A vital highway, long regarded as the single most important road in Papua New Guinea (PNG), is slowly being destroyed by landslides.
“It’s not a highway any more,” Peter Kama, a businessman and community leader in Chimbu Province, a mountainous region in PNG’s central highlands, told IRIN. “The landslides are destroying the road and threatening the livelihoods of the people around it.”
Landslides affecting the 700km Okuk Highway have been common in the past decade. Engineers say the road is outdated and poorly maintained, and that its drainage system has deteriorated.
Torrential rains during the annual rainy season from November to April, deforestation from farming, along with increased volumes of traffic due to resource development have compounded the problem, Godfree Umba, managing director of Kaia Works, a civil engineering company working on the highway, told IRIN.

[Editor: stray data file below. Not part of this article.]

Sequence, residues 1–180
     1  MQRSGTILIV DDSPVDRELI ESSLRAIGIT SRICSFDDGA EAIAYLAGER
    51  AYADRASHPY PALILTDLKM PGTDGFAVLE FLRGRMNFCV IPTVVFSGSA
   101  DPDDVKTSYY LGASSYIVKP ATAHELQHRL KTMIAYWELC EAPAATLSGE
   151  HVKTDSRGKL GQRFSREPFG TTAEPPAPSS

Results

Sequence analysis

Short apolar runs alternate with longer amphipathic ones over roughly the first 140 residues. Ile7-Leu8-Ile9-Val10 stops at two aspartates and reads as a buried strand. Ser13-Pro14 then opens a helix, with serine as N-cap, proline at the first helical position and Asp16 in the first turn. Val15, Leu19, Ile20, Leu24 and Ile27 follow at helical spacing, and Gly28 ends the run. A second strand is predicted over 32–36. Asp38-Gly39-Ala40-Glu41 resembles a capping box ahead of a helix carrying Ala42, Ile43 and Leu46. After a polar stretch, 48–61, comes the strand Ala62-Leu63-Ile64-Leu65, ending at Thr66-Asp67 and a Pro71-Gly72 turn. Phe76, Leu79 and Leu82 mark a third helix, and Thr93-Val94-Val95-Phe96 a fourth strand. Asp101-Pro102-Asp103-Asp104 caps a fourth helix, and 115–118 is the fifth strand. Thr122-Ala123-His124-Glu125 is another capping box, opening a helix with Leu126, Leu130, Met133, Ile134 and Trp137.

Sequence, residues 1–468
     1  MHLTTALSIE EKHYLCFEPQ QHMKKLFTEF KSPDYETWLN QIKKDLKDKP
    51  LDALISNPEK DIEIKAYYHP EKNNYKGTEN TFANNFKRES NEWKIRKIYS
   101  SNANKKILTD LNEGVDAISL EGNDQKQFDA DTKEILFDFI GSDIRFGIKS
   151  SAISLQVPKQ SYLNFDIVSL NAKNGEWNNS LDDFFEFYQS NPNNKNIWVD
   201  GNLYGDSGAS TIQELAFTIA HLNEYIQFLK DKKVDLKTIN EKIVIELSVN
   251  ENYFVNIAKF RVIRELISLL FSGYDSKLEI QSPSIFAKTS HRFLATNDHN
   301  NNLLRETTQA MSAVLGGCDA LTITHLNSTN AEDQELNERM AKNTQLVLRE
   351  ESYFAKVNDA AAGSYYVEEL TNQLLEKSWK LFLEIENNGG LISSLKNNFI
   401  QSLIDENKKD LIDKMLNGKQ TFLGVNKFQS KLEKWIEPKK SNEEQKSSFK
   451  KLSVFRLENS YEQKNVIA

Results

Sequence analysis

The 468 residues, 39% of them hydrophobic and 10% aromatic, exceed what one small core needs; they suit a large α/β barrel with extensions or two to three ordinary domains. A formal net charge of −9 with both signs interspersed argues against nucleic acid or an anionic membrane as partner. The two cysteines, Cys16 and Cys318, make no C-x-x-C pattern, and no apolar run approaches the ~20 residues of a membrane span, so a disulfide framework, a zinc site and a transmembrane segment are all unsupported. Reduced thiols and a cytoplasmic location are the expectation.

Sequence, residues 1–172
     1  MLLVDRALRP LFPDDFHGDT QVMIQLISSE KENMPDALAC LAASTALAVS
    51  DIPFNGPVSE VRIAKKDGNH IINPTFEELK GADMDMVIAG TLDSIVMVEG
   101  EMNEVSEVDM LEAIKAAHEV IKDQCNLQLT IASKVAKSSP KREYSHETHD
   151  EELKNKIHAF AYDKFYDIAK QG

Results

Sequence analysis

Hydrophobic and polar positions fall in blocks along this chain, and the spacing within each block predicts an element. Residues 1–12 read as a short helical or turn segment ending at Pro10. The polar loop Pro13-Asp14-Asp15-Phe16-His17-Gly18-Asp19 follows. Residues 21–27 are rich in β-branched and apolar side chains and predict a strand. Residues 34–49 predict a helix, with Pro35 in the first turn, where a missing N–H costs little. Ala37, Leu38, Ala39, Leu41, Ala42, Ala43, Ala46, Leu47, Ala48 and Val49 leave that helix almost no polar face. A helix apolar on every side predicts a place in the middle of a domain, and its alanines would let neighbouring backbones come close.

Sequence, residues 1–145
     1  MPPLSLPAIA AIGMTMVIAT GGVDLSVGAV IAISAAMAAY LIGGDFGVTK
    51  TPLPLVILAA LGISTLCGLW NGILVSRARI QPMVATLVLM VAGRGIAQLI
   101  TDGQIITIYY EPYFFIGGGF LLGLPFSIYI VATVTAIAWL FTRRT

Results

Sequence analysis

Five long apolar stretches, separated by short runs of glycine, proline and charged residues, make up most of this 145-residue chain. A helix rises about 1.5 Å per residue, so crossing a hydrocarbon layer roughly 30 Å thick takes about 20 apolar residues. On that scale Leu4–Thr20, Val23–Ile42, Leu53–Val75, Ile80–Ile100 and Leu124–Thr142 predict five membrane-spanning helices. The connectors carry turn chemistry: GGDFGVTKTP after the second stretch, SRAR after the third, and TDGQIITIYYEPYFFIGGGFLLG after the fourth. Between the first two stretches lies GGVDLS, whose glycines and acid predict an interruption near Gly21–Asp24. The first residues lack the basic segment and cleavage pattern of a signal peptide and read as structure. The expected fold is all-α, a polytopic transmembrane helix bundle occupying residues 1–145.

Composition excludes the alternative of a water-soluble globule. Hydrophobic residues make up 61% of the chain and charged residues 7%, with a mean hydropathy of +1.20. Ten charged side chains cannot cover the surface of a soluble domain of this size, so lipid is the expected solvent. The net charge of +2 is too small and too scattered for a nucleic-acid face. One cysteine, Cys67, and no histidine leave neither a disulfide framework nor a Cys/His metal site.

Chimbu Province, through which the road runs, has seen seven major landslides in the past decade, experts say.
On the night of 9 May, at least 200 families lost their homes and livelihoods when a major landslide left a 300-metre wide gap in the highway at Waigar in the Kerowagi District of Chimbu. Andrew Pera his wife and two children lost the only coffee trees they had and were left with no fertile land to plant new ones, he said.
In 2012, a landslide in Hela Province, in which dozens lost their lives, affected more than 2km of the highway, which connects the mountainous highlands to the coastal city of Lae.
The PNG National Department of Works, which is responsible for road maintenance, says landslides are not only destroying the highway, but also food gardens and homes, in a country where 85 percent of the population rely on subsistence farming.
The government says it is well aware of the problem and is in the process of taking action.
“We are not waiting for the entire infrastructure to collapse and slow down the economy before we take action in addressing this enormous challenge,” PNG Prime Minister Peter O’Neill told the Australia-Papua New Guinea Business Council at its recent forum in Port Moresby.
In February, experts predicted that up to 35,000 people were affected by landslides and flooding during the last rainy season.